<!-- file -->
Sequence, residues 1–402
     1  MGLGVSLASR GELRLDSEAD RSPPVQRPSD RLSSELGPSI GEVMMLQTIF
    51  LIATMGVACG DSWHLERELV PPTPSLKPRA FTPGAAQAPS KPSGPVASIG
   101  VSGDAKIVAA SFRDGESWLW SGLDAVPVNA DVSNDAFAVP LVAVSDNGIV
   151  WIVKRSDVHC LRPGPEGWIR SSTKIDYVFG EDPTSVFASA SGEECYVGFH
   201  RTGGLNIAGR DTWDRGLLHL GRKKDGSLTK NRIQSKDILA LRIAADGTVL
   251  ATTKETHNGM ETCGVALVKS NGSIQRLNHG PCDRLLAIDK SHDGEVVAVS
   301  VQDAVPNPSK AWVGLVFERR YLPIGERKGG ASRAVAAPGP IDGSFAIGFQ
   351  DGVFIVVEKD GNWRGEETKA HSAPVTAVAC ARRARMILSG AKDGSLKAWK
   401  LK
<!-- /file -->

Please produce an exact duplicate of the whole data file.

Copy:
Sequence, residues 1–402
     1  MGLGVSLASR GELRLDSEAD RSPPVQRPSD RLSSELGPSI GEVMMLQTIF
    51  LIATMGVACG DSWHLERELV PPTPSLKPRA FTPGAAQAPS KPSGPVASIG
   101  VSGDAKIVAA SFRDGESWLW SGLDAVPVNA DVSNDAFAVP LVAVSDNGIV
   151  WIVKRSDVHC LRPGPEGWIR SSTKIDYVFG EDPTSVFASA SGEECYVGFH
   201  RTGGLNIAGR DTWDRGLLHL GRKKDGSLTK NRIQSKDILA LRIAADGTVL
   251  ATTKETHNGM ETCGVALVKS NGSIQRLNHG PCDRLLAIDK SHDGEVVAVS
   301  VQDAVPNPSK AWVGLVFERR YLPIGERKGG ASRAVAAPGP IDGSFAIGFQ
   351  DGVFIVVEKD GNWRGEETKA HSAPVTAVAC ARRARMILSG AKDGSLKAWK
   401  LK